For the first time in history, the shot-noise limit has been broken, marking another breakthrough in the fields of quantum physics!
Shot noise or Poisson noise is a type of electronic noise that can be modeled using random mathematical objects consist of points randomly located in mathematical space. The process is commonly known as Poisson point process or simply Poisson process.
This phenomenon is typically observed in photon counting in optical devices, where shot noise is associated with the particle nature of light.
For instance, consider a photon stream (light) coming out of a laser pointer and hitting a board where a visible spot can be seen. In physics, the photons coming out of the pointer are emitted at random times. However, in the visible spot, billions of photons are traveling yet the fluctuations in the number of photons per unit of time varies infinitesimally.
If you were to turn down the brightness on the same laser only a few photons would hit the wall each second. The fluctuations in the number of protons at any given time become significant–this is known as shot noise.Another breakthrough in #QuantumPhysics has been achieved by researchers!Click To Tweet
Now, what is the shot-noise limit?
From the RP Photonics Encyclopedia: “A fundamental limit to the optical intensity noise as observed in many situations (e.g. in measurements with a photodiode or a CCD camera) is given by shot noise. This is a quantum noise effect, related to the discreteness of photons and electrons.”
Breaking the Shot-Noise Limit
For many years, theoretical physicists only predicted that taking measurements using photons in quantum states could potentially deliver an advantage over the typical measurements taken using light in non-quantum states.
This has been a theory that many experts believed to be impossible until a group of researchers from Griffith University in Australia set a new record in optical measurements using photons.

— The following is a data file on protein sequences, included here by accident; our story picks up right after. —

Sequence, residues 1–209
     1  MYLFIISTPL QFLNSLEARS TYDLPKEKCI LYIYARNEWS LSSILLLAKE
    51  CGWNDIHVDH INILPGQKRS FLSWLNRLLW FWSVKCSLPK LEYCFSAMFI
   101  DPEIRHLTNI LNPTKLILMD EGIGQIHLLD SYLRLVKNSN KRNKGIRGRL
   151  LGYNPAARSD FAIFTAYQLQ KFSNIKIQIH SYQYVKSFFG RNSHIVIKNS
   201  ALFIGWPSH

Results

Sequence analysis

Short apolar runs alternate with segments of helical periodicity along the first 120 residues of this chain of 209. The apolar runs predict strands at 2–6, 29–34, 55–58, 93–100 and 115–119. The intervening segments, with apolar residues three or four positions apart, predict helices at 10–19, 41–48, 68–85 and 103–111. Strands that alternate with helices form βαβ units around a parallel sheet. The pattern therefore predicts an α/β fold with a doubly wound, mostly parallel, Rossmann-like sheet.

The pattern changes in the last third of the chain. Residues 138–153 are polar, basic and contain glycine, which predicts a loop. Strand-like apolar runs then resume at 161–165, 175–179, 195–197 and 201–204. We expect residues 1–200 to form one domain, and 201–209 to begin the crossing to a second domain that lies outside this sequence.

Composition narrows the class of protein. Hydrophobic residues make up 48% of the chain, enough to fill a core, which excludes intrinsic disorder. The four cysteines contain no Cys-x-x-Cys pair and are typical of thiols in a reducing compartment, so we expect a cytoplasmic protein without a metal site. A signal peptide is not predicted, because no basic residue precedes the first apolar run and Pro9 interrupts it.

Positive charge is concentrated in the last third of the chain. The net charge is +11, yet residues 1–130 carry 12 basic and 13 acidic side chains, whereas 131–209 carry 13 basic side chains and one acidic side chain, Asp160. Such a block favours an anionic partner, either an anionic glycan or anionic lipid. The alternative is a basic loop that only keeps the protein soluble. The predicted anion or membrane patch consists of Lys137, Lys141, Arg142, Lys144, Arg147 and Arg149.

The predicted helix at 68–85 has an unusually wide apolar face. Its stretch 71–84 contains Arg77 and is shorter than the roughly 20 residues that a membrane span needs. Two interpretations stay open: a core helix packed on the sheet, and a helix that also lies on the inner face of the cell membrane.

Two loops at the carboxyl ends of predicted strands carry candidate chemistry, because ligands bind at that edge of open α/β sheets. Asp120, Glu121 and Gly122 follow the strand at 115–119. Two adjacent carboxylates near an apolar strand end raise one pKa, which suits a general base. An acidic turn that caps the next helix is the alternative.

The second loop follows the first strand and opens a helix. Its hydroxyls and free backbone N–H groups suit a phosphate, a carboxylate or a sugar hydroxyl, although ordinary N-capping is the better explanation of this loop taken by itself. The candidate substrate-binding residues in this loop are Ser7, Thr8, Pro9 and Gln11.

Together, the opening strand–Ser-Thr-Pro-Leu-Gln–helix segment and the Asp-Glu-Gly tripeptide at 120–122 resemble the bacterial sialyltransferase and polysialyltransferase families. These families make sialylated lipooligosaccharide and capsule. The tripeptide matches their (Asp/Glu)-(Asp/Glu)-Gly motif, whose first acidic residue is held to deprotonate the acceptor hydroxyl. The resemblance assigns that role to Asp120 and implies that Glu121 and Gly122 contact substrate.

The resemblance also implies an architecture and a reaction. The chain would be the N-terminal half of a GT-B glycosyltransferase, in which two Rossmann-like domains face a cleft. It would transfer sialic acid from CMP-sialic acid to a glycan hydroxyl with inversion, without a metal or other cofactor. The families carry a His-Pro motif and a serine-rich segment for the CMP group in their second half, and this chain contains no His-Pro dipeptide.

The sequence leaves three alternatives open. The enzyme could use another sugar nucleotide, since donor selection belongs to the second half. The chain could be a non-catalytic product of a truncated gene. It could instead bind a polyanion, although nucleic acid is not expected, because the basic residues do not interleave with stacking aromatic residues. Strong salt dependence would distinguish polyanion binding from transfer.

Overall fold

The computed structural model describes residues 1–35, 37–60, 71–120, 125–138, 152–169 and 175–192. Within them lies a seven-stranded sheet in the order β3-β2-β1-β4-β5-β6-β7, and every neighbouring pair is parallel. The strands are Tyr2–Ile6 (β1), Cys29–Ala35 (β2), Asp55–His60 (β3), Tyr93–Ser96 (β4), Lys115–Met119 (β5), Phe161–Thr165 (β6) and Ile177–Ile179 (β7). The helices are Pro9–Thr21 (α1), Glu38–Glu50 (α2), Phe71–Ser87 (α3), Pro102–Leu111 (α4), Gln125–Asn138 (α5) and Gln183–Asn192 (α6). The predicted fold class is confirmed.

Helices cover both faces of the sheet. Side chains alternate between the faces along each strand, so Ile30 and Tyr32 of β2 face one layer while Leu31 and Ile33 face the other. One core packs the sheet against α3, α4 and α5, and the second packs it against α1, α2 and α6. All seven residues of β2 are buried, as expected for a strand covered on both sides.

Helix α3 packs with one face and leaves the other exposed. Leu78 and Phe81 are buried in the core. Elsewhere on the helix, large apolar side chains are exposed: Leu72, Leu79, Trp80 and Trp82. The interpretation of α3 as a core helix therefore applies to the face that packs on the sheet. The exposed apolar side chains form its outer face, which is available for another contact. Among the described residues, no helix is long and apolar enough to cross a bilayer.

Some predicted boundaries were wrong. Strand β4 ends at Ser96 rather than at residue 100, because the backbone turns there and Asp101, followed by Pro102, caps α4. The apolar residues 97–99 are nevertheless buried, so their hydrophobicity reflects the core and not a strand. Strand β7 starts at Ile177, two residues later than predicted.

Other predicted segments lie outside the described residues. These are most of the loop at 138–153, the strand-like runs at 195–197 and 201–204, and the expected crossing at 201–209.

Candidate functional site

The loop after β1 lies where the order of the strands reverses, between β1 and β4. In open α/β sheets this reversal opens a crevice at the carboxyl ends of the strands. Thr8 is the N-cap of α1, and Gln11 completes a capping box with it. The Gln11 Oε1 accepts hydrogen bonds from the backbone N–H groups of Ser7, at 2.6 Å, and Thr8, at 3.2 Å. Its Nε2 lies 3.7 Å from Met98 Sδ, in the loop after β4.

Apparently, the breakthrough could potentially help maximize the amount of information that could be extracted from individual particles of light in photonic quantum metrology.
In a statement given by Pryde to ScienceAlert, he said:
“When photons are entangled, their properties are correlated, or connected together. This means there is less randomness in the measurement. However, it turns out that these entangled states only work if the entangled photons are high-quality and don’t go ‘missing’.”
This limitation, known as the shot-noise limit, appears to happen because the randomness is creeping into optical measurements when each particle of light is accidentally absorbed or scattered in the measurement device, or in some cases, just simply not detected.
In the past, shot-noise limit has prevented researchers from achieving “the theoretical limits of super-sensitive measurements with photons in quantum states.” But, thanks to Pryde and his team, this is probably not the case anymore.
“What is new here is that we are able to make and measure high-quality photons with high efficiency (they don’t go missing),” Pryde went on to say. “And so we can show that the technique really works as described in the theory.”
The group of scientists passed a laser through a nonlinear crystal to break the shot-noise limit, ensuring that each property was carefully tailored to produce high-quality photons. After which, the photons were passed through a sample; the object being measured which according to the study was quartz crystal.
Pryde and his team were able to show that the shot-noise limit could be broken unconditionally using high-efficiency detectors to measure the photons. This further proved that random noise could be avoided when performing significantly precise optical measurements.
“It shows that photons in certain quantum states really can be used to make certain kinds of measurement better than when we don’t use quantum physics,” Pryde said. “We hope that future extensions can be used for precision measurement of sensitive samples.”
The researchers believe that it’s still early to speculate what those samples are. However, they agree that the method could potentially aid scientists in measuring any material using a small amount of light in the future.
Currently, what the scientists achieved has only proven that optical measurement is possible using photons in quantum states.